Dick Costolo speaks onstage during 'Social Goes Global' at the Vanity Fair New Establishment Summit at Yerba Buena Center for the Arts on October 9, 2014 in San Francisco.
Photograph by Michael Kovac—Getty Images for Vanity Fair

The outgoing CEO leaves behind a mixed legacy.

By Daniel Roberts
July 1, 2015

Correction appended Wednesday, July 1.

When Twitter announced earlier this month that CEO Dick Costolo would step down, the company said his resignation would be effective July 1. That day has come.

Costolo took the reins at Twitter after a long period of instability in its upper management. Jack Dorsey stepped down as CEO in 2008, with cofounder Ev Williams replacing him; in 2010, Ev Williams stepped down, and Costolo replaced him. “Seems like a revolving door [there],” an interviewer said to Dorsey at a Columbia Business School event in 2011.

Costolo lasted the longest in the job thus far. In his five years as CEO, Twitter has gone from a private tech startup uncertain how to make revenue to a publicly traded company with a market cap of nearly $24 billion. The revenue part is still somewhat uncertain—and so is Costolo’s legacy.

As Fortune‘s Erin Griffith wrote, Costolo started off swimmingly at Twitter and was beloved by Wall Street. He “shook things up,” replacing the entire board and hiring Adam Bain to create a strong ad business. Employees loved him—they congratulated and thanked him on Twitter using the hashtag #thankyoudickc, and there were still new tweets showing up on Tuesday.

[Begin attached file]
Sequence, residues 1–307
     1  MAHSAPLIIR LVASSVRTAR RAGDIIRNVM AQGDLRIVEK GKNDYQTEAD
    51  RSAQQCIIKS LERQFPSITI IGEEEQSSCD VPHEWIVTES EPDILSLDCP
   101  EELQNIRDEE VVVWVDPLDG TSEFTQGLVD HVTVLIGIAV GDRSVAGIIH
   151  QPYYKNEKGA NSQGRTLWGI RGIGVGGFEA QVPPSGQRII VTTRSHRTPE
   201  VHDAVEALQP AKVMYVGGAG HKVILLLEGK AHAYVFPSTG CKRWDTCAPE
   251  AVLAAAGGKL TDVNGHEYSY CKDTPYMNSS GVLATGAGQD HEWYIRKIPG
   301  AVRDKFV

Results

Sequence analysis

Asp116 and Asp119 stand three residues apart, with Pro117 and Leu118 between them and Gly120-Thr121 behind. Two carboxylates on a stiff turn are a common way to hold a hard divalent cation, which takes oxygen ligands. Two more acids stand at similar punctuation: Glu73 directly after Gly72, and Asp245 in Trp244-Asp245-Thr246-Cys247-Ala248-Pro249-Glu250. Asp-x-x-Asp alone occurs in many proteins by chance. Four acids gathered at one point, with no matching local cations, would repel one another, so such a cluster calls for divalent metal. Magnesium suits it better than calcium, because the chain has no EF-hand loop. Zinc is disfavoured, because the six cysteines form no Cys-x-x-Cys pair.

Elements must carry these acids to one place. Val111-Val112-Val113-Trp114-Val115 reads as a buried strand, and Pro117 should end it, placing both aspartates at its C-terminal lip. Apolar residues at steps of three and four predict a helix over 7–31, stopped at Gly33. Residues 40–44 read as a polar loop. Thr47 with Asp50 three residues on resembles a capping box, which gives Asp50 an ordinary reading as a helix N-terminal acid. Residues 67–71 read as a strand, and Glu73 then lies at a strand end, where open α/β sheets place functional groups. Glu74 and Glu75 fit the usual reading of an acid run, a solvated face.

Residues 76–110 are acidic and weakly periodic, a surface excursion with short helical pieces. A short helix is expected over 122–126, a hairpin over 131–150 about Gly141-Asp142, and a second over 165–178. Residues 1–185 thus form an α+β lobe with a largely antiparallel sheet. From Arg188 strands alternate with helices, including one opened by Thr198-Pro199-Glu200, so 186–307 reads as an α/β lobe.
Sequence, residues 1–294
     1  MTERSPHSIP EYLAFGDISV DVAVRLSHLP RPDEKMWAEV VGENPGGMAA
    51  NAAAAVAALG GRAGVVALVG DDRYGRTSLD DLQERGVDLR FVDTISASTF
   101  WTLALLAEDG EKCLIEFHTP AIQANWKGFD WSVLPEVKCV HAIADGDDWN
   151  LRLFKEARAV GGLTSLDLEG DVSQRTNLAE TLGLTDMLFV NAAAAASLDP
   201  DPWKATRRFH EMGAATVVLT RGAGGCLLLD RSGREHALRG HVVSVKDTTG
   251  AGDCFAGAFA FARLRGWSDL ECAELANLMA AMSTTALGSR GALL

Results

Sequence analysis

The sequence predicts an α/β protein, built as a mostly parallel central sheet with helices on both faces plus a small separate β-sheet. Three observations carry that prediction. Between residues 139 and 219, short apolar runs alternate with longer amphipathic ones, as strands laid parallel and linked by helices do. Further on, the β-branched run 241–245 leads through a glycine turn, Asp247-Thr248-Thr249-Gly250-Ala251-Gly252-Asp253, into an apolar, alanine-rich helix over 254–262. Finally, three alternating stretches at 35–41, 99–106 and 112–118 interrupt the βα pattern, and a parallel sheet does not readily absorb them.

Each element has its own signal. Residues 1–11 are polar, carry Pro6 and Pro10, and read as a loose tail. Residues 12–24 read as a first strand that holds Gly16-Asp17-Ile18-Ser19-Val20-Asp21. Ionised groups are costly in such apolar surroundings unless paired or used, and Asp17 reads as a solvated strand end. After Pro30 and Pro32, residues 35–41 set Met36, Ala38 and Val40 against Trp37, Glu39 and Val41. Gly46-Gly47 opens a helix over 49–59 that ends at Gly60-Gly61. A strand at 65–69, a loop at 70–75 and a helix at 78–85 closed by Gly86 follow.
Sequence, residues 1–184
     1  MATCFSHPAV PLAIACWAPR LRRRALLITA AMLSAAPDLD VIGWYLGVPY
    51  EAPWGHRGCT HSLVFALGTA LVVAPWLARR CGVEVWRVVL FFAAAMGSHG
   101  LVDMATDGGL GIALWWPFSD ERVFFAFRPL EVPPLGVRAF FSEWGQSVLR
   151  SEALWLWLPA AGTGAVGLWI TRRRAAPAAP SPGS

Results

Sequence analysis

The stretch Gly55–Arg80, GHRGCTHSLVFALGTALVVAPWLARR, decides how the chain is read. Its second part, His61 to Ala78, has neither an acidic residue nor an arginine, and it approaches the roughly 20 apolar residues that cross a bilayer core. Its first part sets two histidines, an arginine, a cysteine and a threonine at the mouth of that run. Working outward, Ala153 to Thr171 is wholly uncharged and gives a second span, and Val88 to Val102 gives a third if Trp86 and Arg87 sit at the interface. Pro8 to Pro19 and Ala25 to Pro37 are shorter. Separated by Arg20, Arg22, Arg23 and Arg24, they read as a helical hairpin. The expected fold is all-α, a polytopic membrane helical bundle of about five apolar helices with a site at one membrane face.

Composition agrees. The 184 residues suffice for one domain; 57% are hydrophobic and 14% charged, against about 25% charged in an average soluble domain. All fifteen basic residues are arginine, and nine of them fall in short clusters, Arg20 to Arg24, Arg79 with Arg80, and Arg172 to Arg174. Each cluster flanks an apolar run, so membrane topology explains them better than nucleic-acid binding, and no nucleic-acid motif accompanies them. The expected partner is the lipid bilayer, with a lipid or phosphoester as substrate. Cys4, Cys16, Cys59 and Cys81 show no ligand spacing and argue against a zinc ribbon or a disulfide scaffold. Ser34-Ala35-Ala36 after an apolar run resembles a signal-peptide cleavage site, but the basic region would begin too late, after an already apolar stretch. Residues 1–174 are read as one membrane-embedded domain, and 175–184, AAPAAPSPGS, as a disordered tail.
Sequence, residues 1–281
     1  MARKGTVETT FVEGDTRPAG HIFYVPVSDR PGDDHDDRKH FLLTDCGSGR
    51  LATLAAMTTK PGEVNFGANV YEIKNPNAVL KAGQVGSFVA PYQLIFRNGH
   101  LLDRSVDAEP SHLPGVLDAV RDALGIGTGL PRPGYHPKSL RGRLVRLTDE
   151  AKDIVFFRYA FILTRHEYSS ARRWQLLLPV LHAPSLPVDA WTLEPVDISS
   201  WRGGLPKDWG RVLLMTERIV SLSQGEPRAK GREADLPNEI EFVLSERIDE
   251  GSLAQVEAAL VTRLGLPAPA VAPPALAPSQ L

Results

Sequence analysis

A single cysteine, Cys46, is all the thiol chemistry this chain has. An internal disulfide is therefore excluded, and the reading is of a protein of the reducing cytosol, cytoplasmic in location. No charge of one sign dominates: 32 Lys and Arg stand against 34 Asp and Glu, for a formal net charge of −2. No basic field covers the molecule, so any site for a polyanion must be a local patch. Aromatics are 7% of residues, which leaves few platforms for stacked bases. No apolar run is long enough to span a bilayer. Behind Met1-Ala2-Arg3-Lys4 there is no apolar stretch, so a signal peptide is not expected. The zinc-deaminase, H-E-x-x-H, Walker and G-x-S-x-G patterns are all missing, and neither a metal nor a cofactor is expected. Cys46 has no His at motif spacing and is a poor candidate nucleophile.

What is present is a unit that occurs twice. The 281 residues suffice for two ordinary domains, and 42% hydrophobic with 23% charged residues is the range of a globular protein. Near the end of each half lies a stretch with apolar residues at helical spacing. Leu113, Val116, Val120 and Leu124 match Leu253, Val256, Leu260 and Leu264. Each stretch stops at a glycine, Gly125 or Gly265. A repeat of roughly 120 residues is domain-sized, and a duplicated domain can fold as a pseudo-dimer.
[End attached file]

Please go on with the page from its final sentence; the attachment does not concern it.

But after a jubilant IPO, Twitter’s shares took their first major hit on January 9 of last year. As Griffith wrote: “Twitter has been playing defense ever since.” The stock is up just a bit, nearly 2% in the past five days, but has major ground to gain back. Its all-time high was $69 on January 3, 2014.

Costolo granted an exit interview to The Guardian on Tuesday. (And he penned a separate op-ed for the site.) He discussed the pressure that comes with going public. He also told the paper that leading Twitter had become political, “citing for example Iran, where authorities use the site to communicate while blocking citizens’ access.” He added that although Twitter cannot put a stop to all political problems, he did see it grow into a powerful tool, and that “governments now found it harder to cover up the true version of events.”

The company has yet to name a permanent successor; Jack Dorsey is serving as interim CEO. Costolo will continue to serve on the company’s board.

Correction: An earlier version of this story stated Wednesday is Costolo’s last day as Twitter CEO. Per a Twitter spokesperson, Costolo’s last day as CEO was Tuesday, while his resignation is effective Wednesday.

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